Upper Aerodigestive Tract DOT

Upper aerodigestive tract (UADT) cancers include those of the thorax (lung cancer, mesothelioma, thymoma) and cancers that develop in the oral cavity, oropharynx, nasopharynx, salivary glands, hypopharynx, larynx, and thyroid.

Together, UADT disease-oriented team (UADT DOT) members do research to better understand how to prevent and treat these cancers. The UADT DOT has these broad goals:

  • Develop new treatments for UADT cancers
  • Describe genetic risk factors for these cancers
  • Develop animal models of these cancers
  • Prevent UADT cancers
  • Improve the quality of life for survivors of these cancers

A Sample of Current Projects

  • Developing new targeted therapies for small cell lung cancer. Small cell lung cancer (SCLC) is highly aggressive, with a two-year survival rate of about 5 percent. SCLC is very sensitive to chemotherapy, but rapidly develops resistance to chemotherapy drugs. No targeted therapies are approved for SCLC. UADT DOT researchers test new treatments in a chemo-sensitive mouse model of SCLC developed at Huntsman Cancer Institute. These preclinical studies will be critical to creating new strategies for SCLC treatment.
  • Investigating levels of thyroid cancer risk. Incidence rates of well-differentiated thyroid carcinoma (WDTC) in the United States and other developed nations continue to rise at an alarming pace, while mortality rates for WDTC remain stable. These trends have been attributed to overdiagnosis, leading to concerns about possible overtreatment. Potential proposed solutions call for less treatment for patients with low-risk WDTC. The challenge is to define what constitutes “low risk.” Members of the UADT DOT will use a population-based thyroid cancer cohort to develop a risk prediction model for estimating death due to WDTC.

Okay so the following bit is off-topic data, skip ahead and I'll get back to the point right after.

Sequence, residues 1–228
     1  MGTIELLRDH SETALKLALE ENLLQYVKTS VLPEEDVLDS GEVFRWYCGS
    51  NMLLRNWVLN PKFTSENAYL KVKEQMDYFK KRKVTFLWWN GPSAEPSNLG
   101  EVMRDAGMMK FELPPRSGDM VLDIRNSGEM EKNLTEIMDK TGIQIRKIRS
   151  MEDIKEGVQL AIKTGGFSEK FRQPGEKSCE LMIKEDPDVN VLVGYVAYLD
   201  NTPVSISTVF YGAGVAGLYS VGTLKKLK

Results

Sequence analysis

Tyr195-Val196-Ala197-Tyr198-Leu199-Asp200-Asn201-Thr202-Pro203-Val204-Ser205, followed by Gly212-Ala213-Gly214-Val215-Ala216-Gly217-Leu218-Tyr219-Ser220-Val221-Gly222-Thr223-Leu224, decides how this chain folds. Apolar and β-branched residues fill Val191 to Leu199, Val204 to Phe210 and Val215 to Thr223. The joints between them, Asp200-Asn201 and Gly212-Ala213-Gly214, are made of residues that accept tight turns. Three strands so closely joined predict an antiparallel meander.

• Identifying new head and neck cancer susceptibility genes. Each year in the United States, about 62,000 patients are diagnosed with head and neck cancers (HNC) that arise in the oral cavity, oropharynx, hypopharynx, and larynx. Very few head and neck cancer susceptibility genes have been identified. In this project, UADT DOT members use newly developed mutation screening technologies with patients who have personal and family histories of head and neck cancer, with the goal of identify new head and neck cancer genes.

Co-Leaders

Wallace Akerley
Wallace L. Akerley, MD
Professor of Medicine
wallace.akerley@hci.utah.edu
Cancer Center Bio
Mia Hashibe
Mia Hashibe, PhD
Associate Professor of Family and Preventive Medicine
mia.hashibe@hci.utah.edu
Cancer Center Bio
Marcus Monroe
Marcus M. Monroe, MD
Assistant Professor of Surgery
marcus.monroe@hci.utah.edu
Cancer Center Bio